A Brief Introduction on Judicial Review in the United States Essay

1948 Words Sep 11th, 2011 8 Pages
A Brief Introduction on Judicial Review in the United States
Part I: A Brief Introduction on Judicial Review
Judicial review is the doctrine in democratic theory under which legislative and executive actions are subject to review, and possible invalidation, by the judiciary. Specific courts with judicial review power must annul the acts of the state when it finds them incompatible with a higher authority, such as the terms of a written constitution. Judicial review is an example of the functioning of separation of powers in a modern governmental system (where the judiciary is one of three branches of government). This principle is interpreted differently in different jurisdictions, which also have differing views on the different
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The highest state court to decide such issues is the state supreme court.

While judicial review of state laws is clearly outlined in the supremacy clause, the Framers of the U.S. Constitution did not resolve the question of whether the federal courts should have this power over congressional and executive acts. During the early years of the Republic, the Supreme Court upheld congressional acts, which implied the power of judicial review. But the key question was whether the Court had the power to strike down an act of Congress.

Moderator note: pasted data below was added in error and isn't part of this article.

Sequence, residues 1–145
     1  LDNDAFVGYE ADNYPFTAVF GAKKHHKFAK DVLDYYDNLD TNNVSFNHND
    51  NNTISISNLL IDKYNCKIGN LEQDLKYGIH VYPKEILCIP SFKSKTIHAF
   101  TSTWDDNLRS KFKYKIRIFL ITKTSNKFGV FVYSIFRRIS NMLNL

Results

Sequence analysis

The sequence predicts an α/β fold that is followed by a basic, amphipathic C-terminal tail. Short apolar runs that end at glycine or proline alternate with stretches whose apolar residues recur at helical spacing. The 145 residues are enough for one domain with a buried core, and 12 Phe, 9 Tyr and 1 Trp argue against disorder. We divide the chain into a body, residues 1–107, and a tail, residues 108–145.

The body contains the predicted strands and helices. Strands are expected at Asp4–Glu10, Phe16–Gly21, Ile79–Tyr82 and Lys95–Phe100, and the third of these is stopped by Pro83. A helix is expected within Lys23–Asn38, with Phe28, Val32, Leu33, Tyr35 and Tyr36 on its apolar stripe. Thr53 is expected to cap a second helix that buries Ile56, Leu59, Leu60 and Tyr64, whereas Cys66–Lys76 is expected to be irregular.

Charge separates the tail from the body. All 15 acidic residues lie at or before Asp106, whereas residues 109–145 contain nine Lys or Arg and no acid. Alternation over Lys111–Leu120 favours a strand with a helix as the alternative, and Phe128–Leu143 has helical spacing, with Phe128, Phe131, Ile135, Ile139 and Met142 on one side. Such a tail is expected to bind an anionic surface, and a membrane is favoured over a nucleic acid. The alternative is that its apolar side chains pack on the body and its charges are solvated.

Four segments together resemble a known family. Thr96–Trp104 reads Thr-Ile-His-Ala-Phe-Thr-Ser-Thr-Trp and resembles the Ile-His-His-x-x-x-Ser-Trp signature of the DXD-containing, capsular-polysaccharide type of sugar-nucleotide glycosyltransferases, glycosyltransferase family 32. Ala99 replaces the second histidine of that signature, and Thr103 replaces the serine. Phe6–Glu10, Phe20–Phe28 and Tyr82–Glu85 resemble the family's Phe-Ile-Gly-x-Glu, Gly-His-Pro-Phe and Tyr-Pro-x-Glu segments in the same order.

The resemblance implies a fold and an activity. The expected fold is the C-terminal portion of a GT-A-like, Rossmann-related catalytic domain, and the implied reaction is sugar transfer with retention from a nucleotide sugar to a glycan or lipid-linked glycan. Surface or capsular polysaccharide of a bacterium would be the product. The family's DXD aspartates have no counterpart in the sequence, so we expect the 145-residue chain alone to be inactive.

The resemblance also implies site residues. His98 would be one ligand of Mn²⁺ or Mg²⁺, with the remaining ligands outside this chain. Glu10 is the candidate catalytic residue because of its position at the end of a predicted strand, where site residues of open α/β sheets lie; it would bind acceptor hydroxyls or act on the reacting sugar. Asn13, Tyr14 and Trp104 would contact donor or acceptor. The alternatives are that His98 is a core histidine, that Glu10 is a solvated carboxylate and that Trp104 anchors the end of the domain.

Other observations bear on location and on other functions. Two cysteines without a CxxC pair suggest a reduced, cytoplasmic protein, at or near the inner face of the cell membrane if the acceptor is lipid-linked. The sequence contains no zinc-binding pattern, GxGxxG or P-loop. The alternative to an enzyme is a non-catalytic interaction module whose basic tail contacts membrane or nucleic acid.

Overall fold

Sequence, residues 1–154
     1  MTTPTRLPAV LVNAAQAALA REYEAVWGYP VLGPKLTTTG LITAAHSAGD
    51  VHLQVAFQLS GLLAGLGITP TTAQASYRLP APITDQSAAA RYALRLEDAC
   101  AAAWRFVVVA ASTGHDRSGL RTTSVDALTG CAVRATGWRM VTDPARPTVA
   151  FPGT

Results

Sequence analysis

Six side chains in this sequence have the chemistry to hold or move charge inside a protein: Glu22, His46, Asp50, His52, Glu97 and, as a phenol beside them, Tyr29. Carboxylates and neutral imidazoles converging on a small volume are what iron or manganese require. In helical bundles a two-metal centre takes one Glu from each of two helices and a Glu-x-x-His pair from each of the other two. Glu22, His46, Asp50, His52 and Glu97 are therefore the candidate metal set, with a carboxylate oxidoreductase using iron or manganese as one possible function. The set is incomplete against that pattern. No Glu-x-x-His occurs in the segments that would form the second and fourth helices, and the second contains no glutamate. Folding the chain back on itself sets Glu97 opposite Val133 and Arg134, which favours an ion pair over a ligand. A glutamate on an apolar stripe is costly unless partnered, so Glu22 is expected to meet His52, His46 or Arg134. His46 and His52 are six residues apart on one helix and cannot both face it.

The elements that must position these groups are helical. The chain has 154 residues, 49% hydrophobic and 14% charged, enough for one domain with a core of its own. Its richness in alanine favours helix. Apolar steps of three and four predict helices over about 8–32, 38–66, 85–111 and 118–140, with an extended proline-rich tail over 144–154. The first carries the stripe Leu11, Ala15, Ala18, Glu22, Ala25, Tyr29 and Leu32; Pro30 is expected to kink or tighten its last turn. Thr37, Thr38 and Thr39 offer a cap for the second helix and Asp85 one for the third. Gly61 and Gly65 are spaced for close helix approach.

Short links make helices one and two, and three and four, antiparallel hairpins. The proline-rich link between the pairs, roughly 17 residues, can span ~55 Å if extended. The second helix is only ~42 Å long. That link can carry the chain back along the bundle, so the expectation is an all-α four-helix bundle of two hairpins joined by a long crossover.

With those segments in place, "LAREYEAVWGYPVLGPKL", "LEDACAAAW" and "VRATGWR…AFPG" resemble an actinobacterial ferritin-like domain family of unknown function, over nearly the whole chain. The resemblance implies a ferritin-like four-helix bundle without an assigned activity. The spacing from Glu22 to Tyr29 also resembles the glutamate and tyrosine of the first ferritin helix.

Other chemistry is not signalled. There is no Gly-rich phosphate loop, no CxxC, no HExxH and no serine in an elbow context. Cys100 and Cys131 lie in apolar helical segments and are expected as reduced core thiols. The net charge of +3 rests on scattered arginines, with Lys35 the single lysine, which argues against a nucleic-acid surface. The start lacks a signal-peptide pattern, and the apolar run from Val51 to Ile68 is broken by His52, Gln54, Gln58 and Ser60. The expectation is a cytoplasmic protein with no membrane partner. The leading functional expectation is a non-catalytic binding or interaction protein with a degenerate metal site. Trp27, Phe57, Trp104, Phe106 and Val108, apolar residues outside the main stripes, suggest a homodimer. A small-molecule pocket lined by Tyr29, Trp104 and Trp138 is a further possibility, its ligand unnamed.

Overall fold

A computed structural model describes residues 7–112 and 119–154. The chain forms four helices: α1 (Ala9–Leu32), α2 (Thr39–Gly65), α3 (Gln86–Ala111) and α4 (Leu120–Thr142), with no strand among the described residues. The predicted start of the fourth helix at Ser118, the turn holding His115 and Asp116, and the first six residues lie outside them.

The Supreme Court’s use of substantive due process brought charges of “judicial activism,” which means that in determining whether laws would meet constitutional muster, the Court was accused of acting more as a legislative body than as a judicial body. Justice OLIVER WENDELL HOLMES JR., in his famous dissenting opinion in Lochner, argued for “judicial restraint,” cautioning the Court that it was usurping the function of the legislature.

Administrative review & Constitutional review

The procedure for judicial review of federal administrative regulation in the United States is set forth by the Administrative Procedure Act although the courts have ruled such as in Bivens v. Six Unknown Named Agents[3] that a person may bring a case on the grounds of an implied cause of action when no statutory procedure exists.

The power to strike down

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